Anyone around here ever autopsied these valves? Is the diaphragm itself some sort of metal material? I was intrigued by your (16valex) use of Seafoam on it. I've used Seafoam on a lawn mower but never in a car, and I'm still not clear on where exactly the air from the diverter valve is being sent....
Pete, sounds to me your SAP is working orderly. The diverter valve's vacuum just enough to open the valve to let the air into the engine. I would not do a thing to it..
I have an old valve lying around but can't find it now. The diaphragm of the diverter (check) valve must be metal as it must withstand hot exhaust gas. When the electric valve draws a vacuum on the check valve, it opens the diaphragm. Simultaneously, the SAP is activated and pumps air into the exhaust stream to enhance combustion of unburned hydrocarbons in the cats. The vacuum ends when the pump shuts down and closes the valve.
Hummm well .... I guess I assumed the diverter valve vacuum should be a bit stronger.

Anyone around here ever autopsied these valves? Is the diaphragm itself some sort of metal material? I was intrigued by your (16valex) use of Seafoam on it. I've used Seafoam on a lawn mower but never in a car, and I'm still not clear on where exactly the air from the diverter valve is being sent....
When the valve fails, is it something akin to the diaphragm burning through?
I believe there is a spring inside the valve. The vacuum simply overcomes the spring tension and opens the valve. When the vacuum ends, the spring closes the valve. Pretty simple. I believe the problem is with carbon buildup in the valve. It is exposed to the constant exhaust stream on one side, which is full of contaminants. These build up over time and eventually cause the diaphram to jam in the open position. This then allows hot exhaust gas into the pump, which condenses into water, drips down into the pump and kills it. That is why periodic (every 8-10 years) replacement of the check valve is good preventative maintenance. The pump only runs for a minute or so every cold start so it should last the life of the car. Only when the check valve fails does the pump fail.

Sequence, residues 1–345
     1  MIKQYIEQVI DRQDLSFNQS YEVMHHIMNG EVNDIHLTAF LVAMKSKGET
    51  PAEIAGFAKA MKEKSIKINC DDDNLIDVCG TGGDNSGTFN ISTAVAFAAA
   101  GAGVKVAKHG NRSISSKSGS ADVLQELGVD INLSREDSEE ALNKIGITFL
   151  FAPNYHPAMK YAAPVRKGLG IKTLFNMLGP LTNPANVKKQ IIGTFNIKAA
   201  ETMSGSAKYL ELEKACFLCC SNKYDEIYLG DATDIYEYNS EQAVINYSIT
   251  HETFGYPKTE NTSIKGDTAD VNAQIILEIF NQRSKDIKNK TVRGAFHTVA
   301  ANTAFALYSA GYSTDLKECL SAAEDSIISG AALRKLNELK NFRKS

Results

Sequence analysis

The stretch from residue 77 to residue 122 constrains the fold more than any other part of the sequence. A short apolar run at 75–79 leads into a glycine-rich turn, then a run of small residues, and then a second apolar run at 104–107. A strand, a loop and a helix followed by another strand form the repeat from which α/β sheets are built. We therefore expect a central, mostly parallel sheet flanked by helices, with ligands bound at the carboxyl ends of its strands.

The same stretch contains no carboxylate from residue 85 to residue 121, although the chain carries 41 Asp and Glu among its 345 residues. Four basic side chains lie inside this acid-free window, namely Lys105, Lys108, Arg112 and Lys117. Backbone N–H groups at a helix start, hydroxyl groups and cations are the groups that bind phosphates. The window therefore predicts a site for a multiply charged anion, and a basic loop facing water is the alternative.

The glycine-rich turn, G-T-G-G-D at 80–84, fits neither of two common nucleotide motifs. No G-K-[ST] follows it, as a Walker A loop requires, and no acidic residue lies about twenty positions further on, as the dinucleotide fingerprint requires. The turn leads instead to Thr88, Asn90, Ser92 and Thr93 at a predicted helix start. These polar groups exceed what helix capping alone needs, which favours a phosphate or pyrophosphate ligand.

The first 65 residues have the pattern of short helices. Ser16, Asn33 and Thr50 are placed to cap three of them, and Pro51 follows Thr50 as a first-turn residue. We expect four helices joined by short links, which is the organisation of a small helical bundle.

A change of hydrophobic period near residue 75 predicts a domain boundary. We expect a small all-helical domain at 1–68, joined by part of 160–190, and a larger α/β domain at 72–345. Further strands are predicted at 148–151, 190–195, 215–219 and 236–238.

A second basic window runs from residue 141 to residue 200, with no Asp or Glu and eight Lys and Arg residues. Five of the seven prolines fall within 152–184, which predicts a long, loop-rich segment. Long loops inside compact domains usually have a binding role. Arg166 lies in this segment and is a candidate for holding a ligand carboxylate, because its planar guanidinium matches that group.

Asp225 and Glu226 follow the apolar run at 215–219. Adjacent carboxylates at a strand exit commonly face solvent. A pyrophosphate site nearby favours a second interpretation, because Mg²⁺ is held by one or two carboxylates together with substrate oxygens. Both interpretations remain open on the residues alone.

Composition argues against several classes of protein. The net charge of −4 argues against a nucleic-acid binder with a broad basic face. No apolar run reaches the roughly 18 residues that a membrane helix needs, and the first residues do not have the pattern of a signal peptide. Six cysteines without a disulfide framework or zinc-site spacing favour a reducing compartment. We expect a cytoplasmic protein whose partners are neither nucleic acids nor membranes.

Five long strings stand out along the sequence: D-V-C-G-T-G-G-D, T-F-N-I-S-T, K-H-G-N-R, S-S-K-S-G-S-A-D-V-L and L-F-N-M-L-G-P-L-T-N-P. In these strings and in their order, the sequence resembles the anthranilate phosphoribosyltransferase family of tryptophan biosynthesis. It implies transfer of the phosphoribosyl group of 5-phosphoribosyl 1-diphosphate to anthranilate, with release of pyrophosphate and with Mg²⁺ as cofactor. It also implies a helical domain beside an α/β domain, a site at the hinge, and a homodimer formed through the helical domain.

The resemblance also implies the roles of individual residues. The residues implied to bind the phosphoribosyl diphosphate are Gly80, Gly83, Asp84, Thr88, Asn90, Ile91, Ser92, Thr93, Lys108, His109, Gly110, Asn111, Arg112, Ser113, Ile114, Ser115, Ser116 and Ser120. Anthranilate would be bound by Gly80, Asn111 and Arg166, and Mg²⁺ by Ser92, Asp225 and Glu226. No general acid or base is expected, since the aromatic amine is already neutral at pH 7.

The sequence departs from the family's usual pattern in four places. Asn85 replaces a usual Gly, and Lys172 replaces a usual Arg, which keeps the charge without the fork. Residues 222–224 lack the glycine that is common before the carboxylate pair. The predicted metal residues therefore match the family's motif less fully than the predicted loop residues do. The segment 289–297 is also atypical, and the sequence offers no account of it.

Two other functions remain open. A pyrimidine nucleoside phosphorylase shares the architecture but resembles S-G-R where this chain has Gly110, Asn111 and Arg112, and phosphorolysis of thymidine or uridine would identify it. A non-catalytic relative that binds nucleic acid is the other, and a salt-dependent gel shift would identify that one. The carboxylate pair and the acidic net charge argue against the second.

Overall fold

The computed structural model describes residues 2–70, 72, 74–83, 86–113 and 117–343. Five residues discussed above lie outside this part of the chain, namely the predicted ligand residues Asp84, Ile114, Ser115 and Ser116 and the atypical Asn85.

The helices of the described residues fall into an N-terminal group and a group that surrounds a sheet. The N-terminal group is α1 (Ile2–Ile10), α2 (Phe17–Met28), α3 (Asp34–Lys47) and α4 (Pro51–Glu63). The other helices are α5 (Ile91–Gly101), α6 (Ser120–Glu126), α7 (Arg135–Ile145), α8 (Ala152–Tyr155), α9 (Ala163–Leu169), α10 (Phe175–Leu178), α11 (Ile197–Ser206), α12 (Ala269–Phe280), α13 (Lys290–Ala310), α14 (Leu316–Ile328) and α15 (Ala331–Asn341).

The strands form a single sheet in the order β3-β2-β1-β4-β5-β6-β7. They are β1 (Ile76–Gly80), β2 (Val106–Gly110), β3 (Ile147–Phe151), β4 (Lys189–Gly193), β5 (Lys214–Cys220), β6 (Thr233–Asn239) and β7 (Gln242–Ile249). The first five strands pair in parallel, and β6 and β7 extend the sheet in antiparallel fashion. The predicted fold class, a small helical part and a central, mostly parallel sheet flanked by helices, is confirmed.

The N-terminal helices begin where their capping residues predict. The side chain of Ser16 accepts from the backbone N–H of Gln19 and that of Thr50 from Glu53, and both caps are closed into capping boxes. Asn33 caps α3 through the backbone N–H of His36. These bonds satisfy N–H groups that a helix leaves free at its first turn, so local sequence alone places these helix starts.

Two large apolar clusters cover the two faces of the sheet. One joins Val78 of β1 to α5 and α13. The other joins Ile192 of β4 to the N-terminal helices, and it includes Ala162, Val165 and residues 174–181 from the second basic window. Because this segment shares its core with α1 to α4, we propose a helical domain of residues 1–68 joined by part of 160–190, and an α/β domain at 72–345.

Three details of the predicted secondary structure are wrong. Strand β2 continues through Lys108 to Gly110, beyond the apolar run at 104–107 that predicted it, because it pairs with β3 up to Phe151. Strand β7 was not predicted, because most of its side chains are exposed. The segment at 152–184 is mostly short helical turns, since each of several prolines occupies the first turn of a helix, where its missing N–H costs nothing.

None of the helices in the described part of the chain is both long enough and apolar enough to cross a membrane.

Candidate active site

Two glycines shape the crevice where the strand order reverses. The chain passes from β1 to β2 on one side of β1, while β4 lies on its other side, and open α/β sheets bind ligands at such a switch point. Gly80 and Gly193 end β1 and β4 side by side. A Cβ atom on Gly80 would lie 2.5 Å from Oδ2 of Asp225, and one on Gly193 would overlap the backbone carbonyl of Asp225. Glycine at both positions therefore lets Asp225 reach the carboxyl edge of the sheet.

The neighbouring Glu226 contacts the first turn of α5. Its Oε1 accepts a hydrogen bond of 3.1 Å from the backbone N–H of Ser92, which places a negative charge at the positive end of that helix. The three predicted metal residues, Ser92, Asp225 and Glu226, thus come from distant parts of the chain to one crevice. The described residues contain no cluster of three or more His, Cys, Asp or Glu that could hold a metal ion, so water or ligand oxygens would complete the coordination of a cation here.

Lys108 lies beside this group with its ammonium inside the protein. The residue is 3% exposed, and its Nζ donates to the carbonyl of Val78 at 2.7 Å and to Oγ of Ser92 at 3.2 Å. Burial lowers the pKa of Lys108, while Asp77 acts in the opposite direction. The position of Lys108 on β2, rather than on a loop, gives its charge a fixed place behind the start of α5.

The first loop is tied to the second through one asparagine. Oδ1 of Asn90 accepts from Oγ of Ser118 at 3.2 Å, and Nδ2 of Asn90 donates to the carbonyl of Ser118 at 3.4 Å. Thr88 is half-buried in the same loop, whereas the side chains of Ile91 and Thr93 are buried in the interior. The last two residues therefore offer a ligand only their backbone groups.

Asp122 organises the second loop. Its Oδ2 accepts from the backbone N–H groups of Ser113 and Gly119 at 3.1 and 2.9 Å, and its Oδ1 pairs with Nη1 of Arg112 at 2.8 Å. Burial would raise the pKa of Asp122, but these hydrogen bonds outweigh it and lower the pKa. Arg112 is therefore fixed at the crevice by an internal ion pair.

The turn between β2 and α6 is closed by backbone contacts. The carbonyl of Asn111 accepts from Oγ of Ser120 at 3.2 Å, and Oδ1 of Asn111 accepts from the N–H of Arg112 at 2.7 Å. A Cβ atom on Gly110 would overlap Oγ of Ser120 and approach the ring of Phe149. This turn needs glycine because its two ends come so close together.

Is it correct that the air going into the valve is being directed into the cylinders to produce a lean combustion state? Or is the air being pumped directly into the exhaust manifold to help protect the cats from overly rich exhaust emissions? If the former, does the system on these inline-sixes also fail due to carbon buildup?

Look at these pics from the m5board....

http://www.m5board.com/vbulletin/e3...-system-carbon-build-up-removal-pictures.html
Neither. The injected air is used to increase combustion of unburned hydrocarbons. This link gives the best explanation to date as to why there are excess hydrocarbons.
http://www.bimmerfest.com/forums/showpost.php?p=6519023&postcount=8

It followed my link, which was based on a TIS bulletin.
http://www.bimmerfest.com/forums/showpost.php?p=6519020&postcount=7
Is it correct that the air going into the valve is being directed into the cylinders to produce a lean combustion state? Or is the air being pumped directly into the exhaust manifold to help protect the cats from overly rich exhaust emissions? If the former, does the system on these inline-sixes also fail due to carbon buildup?

Look at these pics from the m5board....

http://www.m5board.com/vbulletin/e3...-system-carbon-build-up-removal-pictures.html
fudman, do you think this SAS could be impacted by carbon deposits? I saw the m5 engine photos and wondered if the system on these i6 engines could have the same problems? Or if carbon deposits or clogging could kill the valve and pump.
Neither. The injected air is used to increase combustion of unburned hydrocarbons. This link gives the best explanation to date as to why there are excess hydrocarbons.
http://www.bimmerfest.com/forums/showpost.php?p=6519023&postcount=8

It followed my link, which was based on a TIS bulletin.
http://www.bimmerfest.com/forums/showpost.php?p=6519020&postcount=7